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vicuna commented Jan 16, 2019

Comment author: @diml

Drup, unless you are planning to look at this in the near future, I'm going to give a shot at implementing this feature.

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vicuna commented Jan 16, 2019

Comment author: @Drup

My time is very limited lately, so go ahead! I'll be happy to review and/or help when needed.

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vicuna commented Jan 30, 2019

Comment author: @diml

I had a first look at this, and thought a bit more about how we could adapt it so that we could get maps and sets printed in the toplevel.

I get the feeling that this is going to turn into a less good implementation of implicits. So I'm leaning towards simply abandoning this feature and waiting for implicits instead. In the meantime, the hack like the one I did in utop should be enough.

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vicuna commented Feb 4, 2019

Comment author: @diml

Just to clarify, it doesn't seem worth to me to invest too much time trying to solve this problem in a general way given than implicits will do exactly that in a more principled way.

However, we could import the same patch as I wrote for utop:

ocaml-community/utop@fa3880d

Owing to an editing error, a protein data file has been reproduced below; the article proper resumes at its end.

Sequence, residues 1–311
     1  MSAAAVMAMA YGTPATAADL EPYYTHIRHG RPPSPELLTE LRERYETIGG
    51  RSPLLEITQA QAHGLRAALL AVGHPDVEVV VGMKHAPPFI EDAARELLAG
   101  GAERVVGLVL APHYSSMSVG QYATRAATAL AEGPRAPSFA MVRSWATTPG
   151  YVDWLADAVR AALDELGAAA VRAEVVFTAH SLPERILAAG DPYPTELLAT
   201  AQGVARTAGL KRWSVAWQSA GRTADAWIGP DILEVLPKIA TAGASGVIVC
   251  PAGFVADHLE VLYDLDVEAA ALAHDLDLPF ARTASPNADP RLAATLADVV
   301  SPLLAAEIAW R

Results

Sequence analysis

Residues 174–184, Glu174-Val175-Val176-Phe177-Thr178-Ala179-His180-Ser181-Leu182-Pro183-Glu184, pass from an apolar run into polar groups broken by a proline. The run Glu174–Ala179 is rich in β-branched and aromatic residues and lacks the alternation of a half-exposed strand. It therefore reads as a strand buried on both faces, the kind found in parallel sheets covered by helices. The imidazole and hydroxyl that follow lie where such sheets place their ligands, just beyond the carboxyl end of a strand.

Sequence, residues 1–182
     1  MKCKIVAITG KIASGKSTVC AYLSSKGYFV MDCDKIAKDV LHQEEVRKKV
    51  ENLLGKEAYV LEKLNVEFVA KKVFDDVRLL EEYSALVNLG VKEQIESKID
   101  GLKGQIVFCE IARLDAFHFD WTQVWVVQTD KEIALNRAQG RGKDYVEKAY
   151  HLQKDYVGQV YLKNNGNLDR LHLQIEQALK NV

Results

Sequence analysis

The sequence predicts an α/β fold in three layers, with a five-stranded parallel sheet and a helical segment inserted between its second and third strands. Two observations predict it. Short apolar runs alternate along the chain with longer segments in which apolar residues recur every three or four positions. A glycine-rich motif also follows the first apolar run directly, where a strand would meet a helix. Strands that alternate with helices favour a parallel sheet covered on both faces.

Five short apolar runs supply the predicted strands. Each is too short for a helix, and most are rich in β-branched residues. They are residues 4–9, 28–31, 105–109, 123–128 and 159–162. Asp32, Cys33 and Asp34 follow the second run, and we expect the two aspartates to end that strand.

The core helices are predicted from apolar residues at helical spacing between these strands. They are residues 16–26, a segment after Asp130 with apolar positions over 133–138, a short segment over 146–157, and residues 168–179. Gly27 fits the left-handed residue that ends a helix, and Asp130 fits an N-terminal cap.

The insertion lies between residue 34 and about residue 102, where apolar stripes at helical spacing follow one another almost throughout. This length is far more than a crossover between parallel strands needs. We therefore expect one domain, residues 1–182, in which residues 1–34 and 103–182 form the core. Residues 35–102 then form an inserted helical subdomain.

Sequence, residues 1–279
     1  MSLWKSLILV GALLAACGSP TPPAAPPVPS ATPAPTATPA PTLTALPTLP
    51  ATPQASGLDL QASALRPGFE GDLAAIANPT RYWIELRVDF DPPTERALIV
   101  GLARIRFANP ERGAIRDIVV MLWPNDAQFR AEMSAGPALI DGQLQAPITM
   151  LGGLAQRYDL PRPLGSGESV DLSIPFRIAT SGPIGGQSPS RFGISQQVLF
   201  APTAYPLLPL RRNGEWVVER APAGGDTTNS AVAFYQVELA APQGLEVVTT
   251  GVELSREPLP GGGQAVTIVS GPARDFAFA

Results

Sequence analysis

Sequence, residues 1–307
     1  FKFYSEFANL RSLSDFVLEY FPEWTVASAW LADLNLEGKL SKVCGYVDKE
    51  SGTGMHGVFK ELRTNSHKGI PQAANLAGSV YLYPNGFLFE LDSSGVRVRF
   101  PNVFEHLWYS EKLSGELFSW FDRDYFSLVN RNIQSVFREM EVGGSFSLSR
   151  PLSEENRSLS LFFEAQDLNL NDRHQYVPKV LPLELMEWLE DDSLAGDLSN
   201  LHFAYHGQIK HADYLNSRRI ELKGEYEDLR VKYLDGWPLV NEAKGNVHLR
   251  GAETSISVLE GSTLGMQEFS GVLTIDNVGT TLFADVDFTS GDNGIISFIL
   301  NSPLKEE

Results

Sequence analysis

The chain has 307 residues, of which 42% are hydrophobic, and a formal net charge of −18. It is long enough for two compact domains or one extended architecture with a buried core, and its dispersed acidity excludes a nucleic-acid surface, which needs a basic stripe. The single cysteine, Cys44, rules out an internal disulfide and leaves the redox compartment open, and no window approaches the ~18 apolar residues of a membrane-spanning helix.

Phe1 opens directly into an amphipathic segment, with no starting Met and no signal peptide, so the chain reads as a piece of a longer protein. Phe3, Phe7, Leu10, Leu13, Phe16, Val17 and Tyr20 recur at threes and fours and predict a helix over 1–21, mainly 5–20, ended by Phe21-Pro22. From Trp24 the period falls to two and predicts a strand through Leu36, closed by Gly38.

It doesn't solve the problem in a general way, but is an improvement over the current situation until we get the proper solution.

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vicuna commented Feb 5, 2019

Comment author: @dbuenzli

Having this only in utop is kind of useless since there are many places where it's not used (e.g. on the web). This means we still need to keep our lib_top_init.ml files around for these places (see for example 1 where this came up).

It may not solve the problem in a general way but then we don't even have an ETA on implicits. So if we can ensure this design will not collide with a future better one I'd rather have this in now even if that may solve only 95% of the cases. It seems the patch is rather light.

If you have time to upstream it @dim that would be very much appreciated.

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vicuna commented Feb 6, 2019

Comment author: @diml

Yh, I agree. TBH the patch itself is trivial, it's more everything around that always takes time: doc, tests, PR description, etc...

I have a few more urgent things to look at, but I'll come back to this once my stack clears up a bit.